Monday 28 December 2009

Calculated risks

Nate Silver over at FiveThirtyEight runs the kind of back-of-the-envelope calculation on the risks of being in a hijacked aircraft that you might expect as part of a McKinsey interview.
There were a total of 674 passengers, not counting crew or the terrorists themselves, on the flights on which these incidents occurred. By contrast, there have been 7,015,630,000 passenger enplanements over the past decade. Therefore, the odds of being on given departure which is the subject of a terrorist incident have been 1 in 10,408,947 over the past decade. By contrast, the odds of being struck by lightning in a given year are about 1 in 500,000. This means that you could board 20 flights per year and still be less likely to be the subject of an attempted terrorist attack than to be struck by lightning.
What's the most you'd pay for insurance against a 1 in 10.4 million event? Since the value of a statistical life, backed out of these kinds of calculations, is $7 million, our best guess is that folks would be unwilling to spend more than a dollar to insure against this risk. I get the feeling that the TSA's budget is considerably more than that.

Ok, class: Assume that if you reduce TSA spending by an order of magnitude the risk of a terrorist incident also rises by an order of magnitude. By how many orders of magnitude ought the TSA budget be reduced to get spending to a level commensurate with the estimated risks?


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  2. "By how many orders of magnitude ought the TSA budget be reduced to get spending to a level commensurate with the estimated risks?"

    Won't the answer depend on our risk aversion?

    I wonder whether the budget is in line with the risks given the kind of people making the decision here. Politicians don't just consider the risk to our lives and limbs given a terrorist attack, but the risks to their popularity if they aren't seen to be doing *something* aimed at reducing the first kind of risk. If politicians put more weight on the second kind of risk than the first, and if they are risk averse, then to them the budget might well be justified.

    Oddly, given that the actual risk to life and limb is so small, encouraging politicians to place more decision-making weight on that than the political risks to themselves should make them want to decrease the budget. Nevertheless, it's likely that the more the public pushes home this point, the more politicians look at the second kind of risk and then continue to up budgets.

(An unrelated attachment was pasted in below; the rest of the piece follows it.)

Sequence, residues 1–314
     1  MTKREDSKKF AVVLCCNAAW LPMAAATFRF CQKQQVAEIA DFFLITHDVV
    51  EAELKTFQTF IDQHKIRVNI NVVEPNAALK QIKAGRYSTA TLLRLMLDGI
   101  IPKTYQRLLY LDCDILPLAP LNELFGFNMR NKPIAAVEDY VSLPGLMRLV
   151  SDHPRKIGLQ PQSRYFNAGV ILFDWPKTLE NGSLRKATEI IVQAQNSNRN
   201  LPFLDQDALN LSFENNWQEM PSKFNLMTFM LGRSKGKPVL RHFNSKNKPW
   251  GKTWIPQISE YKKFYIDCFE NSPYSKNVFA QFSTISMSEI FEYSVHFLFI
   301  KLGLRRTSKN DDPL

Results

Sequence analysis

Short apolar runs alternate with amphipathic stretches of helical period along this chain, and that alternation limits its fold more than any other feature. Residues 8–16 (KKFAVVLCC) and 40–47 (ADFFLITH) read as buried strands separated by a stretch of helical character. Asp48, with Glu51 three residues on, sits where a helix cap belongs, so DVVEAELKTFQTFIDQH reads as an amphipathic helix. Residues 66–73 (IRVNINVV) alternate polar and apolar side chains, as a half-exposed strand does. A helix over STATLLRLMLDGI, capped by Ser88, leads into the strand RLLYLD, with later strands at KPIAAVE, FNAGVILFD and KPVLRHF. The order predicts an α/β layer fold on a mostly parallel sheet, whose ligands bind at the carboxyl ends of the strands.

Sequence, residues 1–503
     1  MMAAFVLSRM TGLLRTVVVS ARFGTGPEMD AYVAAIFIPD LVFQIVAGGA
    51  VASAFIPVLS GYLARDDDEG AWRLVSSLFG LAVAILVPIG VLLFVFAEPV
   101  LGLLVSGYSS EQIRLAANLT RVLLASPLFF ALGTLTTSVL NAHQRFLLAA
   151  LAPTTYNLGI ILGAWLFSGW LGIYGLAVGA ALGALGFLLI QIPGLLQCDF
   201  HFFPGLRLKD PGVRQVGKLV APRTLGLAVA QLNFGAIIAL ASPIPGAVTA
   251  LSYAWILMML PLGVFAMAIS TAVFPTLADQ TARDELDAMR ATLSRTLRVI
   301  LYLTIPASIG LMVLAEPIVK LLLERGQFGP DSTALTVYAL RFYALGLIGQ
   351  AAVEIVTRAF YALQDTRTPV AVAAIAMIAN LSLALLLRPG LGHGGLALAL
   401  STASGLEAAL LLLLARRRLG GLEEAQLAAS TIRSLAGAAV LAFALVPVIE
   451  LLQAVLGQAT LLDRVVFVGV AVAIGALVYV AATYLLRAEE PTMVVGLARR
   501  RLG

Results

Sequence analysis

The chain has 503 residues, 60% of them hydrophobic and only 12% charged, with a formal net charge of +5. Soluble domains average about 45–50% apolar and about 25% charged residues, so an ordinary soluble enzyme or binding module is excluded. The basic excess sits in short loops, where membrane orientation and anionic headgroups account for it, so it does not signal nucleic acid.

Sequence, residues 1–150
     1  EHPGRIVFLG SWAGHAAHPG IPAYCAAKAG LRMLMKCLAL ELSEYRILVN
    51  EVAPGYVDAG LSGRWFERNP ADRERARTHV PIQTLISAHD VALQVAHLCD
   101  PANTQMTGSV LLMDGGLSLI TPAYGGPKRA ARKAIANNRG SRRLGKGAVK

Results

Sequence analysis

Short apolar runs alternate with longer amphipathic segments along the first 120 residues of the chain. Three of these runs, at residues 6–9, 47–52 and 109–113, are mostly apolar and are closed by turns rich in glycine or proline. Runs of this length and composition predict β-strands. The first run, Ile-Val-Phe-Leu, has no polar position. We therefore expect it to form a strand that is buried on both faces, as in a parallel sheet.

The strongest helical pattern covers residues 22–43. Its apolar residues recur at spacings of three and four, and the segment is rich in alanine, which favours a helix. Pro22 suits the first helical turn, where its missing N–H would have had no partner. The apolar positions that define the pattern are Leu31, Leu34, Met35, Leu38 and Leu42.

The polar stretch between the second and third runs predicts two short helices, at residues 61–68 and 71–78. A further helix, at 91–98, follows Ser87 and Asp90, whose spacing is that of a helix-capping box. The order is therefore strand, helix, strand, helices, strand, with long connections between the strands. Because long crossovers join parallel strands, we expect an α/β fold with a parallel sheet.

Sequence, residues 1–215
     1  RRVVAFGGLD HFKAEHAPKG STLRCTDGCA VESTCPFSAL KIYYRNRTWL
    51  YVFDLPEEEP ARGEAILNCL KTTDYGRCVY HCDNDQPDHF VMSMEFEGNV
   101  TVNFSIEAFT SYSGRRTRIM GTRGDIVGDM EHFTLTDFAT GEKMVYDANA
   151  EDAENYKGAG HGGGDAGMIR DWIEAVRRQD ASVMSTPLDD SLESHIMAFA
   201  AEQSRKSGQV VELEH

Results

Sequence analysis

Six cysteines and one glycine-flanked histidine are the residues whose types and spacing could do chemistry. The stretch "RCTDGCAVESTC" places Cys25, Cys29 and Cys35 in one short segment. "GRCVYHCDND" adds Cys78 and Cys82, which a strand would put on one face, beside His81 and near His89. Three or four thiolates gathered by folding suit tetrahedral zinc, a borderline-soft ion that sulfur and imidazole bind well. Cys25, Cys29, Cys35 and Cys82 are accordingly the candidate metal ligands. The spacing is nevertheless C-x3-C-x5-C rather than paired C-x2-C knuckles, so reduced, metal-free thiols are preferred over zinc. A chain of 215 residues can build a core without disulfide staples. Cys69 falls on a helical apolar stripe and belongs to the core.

3. So long as risk aversion is constant across the different ways you can die, it doesn't matter: VSL is then $7 million.

    I totally agree that the political costs of some deaths are higher than for others though; that's why the FDA weighs deaths from mistakenly approved drugs so much more heavily than deaths from drugs unnecessarily held from the market.

  4. I think you'd be better off approaching the issue from a diminishing returns for the government by marginal prevention and next-best strategies for terrorists. There's a point where the marginal value of a dollar goes from 'helps' to 'doesn't help at all', and we're well over that curve.

    In my mind, it's like watching a car plunging over a cliff and discussing where exactly he should have stopped.

  5. Diminishing returns does indeed strengthen the argument: shifting resources from TSA to other more poorly funded risk-reducing policies then saves lives. But that's one of the things you can find pretty easily by applying the VSL threshold: some things we're spending billions of dollars per statistical life saved; other things, tens of thousands. Shifting resources from the former to the latter saves lives.